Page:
HERE, we shine a spotlight on one of the Isle of Wight's "unsung heroes", Walter Sibbick.

He joined the County Press in 1902 as an office clerk, became editor in 1945, and retired in 1960.

During that time, and beyond, he also contributed his wonderful Vectensis column.

Under that penname, he contributed literally thousands of articles covering all aspects of rural life on the Island from A to Z.

Unimpressed by circumstances of birth, Vectensis was just as likely to include a generous obit of a hurdle-maker living in the woods as he was to cover the death of a member of the Island establishment.

His articles remain an undiscovered treasure trove of information about our Island and deserve a book of their own

Isle of Wight County Press: The Hunny Hill tollgate being demolished in the early 1960s.The Hunny Hill tollgate being demolished in the early 1960s. (Image: County Press)

In 1925, Vectensis/Sibbick writes: “A local fisherman, Mr F. Bastiani, informs me that crabs, if removed from their accustomed feeding place and dropped in the water many miles away, will quickly find their way back.

“On one occasion he caught crabs at Niton, marked them, and dropped them at Freshwater, and in a day or two caught them again at Niton.”

Is that right? Can any reader confirm the truth or otherwise of that story?

In 1940, some jokes lifted the wartime gloom: “Neighbour: How many controls are there on your new radio set?

“Owner: Well, let me see, there's my mother-in-law, my wife, and my daughter.

“Admiring a big gathering, a speaker said boldly: Gentlemen, I have been born an Englishman. I have lived an Englishman, and I hope I may die an Englishman.

“A Scotsman in the audience retorted: "Mon, hae ye no ambition?”

In 1952: “Overheard at Sandown Zoo: Daddy, If that lion got out and ate you, what number bus would I have to catch to get home?”

Sibbick was a prolific source of local history, such as this, in 1958: “Mr Edwin Holbrook, of Bethel Cottage, Porchfield, is 85 but has a very good memory.

Isle of Wight County Press: The globe on Cowes Parade the morning after the 1876 tornado.The globe on Cowes Parade the morning after the 1876 tornado. (Image: County Press)

“All the water mills around the town in 1870s were working.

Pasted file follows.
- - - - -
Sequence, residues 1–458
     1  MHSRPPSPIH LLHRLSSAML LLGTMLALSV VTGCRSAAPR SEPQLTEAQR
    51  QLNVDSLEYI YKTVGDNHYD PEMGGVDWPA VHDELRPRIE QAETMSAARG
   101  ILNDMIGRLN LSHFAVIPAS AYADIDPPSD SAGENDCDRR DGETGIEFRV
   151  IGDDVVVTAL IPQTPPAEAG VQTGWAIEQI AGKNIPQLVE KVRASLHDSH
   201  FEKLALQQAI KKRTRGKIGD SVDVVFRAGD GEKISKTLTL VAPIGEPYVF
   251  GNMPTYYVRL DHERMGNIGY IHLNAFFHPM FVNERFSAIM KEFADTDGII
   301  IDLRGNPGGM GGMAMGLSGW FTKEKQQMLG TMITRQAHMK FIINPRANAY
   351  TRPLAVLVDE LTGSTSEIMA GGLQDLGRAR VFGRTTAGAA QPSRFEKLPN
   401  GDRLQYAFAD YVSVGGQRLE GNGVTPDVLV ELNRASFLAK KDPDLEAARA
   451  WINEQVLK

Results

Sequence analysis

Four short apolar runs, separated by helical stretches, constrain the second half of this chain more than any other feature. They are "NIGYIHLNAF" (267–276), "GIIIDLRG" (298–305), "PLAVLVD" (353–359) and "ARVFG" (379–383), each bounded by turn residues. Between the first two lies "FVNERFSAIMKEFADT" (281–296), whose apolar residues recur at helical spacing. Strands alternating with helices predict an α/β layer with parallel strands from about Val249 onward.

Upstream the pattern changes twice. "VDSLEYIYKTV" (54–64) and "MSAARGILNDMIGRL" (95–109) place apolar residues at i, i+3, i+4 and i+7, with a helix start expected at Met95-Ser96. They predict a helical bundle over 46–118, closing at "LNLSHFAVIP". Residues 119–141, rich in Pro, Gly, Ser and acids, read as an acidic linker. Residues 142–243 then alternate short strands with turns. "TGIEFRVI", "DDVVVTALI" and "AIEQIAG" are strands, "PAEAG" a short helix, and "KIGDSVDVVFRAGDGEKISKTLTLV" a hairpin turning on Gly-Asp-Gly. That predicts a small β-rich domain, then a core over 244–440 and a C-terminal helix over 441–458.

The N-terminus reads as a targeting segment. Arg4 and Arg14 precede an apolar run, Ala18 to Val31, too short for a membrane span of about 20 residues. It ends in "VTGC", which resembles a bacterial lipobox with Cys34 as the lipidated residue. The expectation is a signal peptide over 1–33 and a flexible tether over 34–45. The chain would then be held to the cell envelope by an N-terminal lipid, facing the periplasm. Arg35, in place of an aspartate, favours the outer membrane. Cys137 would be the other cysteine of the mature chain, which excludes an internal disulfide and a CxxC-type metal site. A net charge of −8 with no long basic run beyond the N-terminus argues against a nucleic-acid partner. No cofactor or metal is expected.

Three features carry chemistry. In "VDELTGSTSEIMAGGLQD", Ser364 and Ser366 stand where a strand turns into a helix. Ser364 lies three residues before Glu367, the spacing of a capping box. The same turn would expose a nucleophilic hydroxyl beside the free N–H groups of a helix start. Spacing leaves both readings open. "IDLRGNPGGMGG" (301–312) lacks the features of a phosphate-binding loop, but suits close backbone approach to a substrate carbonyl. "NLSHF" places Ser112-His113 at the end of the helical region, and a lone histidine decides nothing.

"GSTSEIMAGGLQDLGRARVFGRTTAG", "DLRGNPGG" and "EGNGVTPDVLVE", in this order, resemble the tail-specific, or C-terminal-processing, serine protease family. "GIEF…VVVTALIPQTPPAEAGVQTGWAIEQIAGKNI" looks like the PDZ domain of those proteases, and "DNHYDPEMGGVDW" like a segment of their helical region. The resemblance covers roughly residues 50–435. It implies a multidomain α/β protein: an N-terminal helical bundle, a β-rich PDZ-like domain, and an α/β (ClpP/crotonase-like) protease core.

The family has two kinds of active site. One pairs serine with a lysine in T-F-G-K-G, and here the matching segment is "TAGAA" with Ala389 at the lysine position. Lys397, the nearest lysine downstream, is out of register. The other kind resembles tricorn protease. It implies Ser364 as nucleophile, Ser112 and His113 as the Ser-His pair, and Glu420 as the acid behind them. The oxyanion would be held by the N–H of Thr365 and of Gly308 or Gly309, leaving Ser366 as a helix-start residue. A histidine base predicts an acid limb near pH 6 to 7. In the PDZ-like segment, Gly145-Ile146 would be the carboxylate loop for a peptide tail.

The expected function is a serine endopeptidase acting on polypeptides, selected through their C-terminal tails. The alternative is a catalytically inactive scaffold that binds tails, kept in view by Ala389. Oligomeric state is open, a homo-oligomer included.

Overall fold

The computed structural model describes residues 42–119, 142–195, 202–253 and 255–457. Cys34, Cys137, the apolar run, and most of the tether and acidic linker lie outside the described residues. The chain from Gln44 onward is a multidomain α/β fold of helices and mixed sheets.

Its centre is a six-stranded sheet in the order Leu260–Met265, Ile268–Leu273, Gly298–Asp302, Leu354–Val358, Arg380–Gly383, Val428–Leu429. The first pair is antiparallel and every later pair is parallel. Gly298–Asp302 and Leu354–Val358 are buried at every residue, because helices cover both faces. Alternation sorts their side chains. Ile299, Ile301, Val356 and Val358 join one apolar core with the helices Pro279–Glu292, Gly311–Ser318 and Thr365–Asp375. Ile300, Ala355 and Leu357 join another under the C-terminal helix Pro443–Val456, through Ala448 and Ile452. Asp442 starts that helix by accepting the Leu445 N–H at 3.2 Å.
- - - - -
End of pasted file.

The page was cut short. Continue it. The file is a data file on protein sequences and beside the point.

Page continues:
“After harvest and gleaning in the fields I remember helping my mother carry the wheat to Town Gate Mill to be ground into flour.

“Mr. Ballard was a baker near the Trooper's Inn close by, and he used to send bread to Porchfield once a week in the miller’s wagon.

“At every entrance to Newport there were toll gates, with one at the top of Hunnyhill.

“The farmers strongly objected to paying toll and one day a farmer sent his carter with a load of corn for the mill and told his carter not to pay toll under any circumstances, and if the gate was closed against him he was to put a chain on it and rip it out of the way.

“The gate was closed so the carter hitched the horses on to it and smashed it to matchwood."

In his column in January 1958, Sibbick demolished a piece of Island folklore.

“Some of my readers were surprised to see in Saturday’s Daily Express, in an article dealing with redundancy in the Saunders-Roe factories, that Islanders are known as corkheads.

“The term calf has long been in common usage, but this is the first time I have encountered corkhead.”

Sibbick was an acknowledged expert in Island traditions and folklore.

If he had never heard the word corkhead prior to that date, then the word is nothing more than a 1950s invention.

A word search for corkhead, or caulkhead on the County Press archive website from 1884 to 1958, backs him up – the word is nowhere to be found.

In February 1958, Vectensis wrote: “My reference to the Cowes tornado last week has brought me a contemporary account of the storm in a cutting from The Graphic of October 7, 1876.

“The first indication of the calamity was the appearance of great numbers of birds flying about in alarm.

“Then at about 8.30am there came a violent, rushing wind, about 100 feet in width, which lasted only a few seconds but in that short time it accomplished an almost incredible amount of destruction.

“Houses were unroofed or blown down, trees torn up, and the air was thick with flying slates and branches.

“At Cowes, the railway station was wrecked and many carriages damaged.

“The Globe and Marine hotels were almost demolished and the whole town suffered very severely.

“The town appeared as if it had undergone a bombardment."

In 1961, Vectensis came face to face with the future.

"Last week I made my first close acquaintance with a combine-harvester when I watched Mr Scott Blake and his men cutting a field of barley at Blackwater.

“My mind went back to my boyhood when I was thrilled to lead the 'trace-hoss' while the sheaves were loaded on the wagon; or when the mowers, wielding their scythes with a regular swish, laid the cut corn in neat swathes, and at intervals stopped at the cry of "Whet!" to draw their whetstones and strike a sweet-ringing note as they sharpened their blades.

“Today's changes left me with a nostalgia for the more peaceful, more musical harvesting of yore."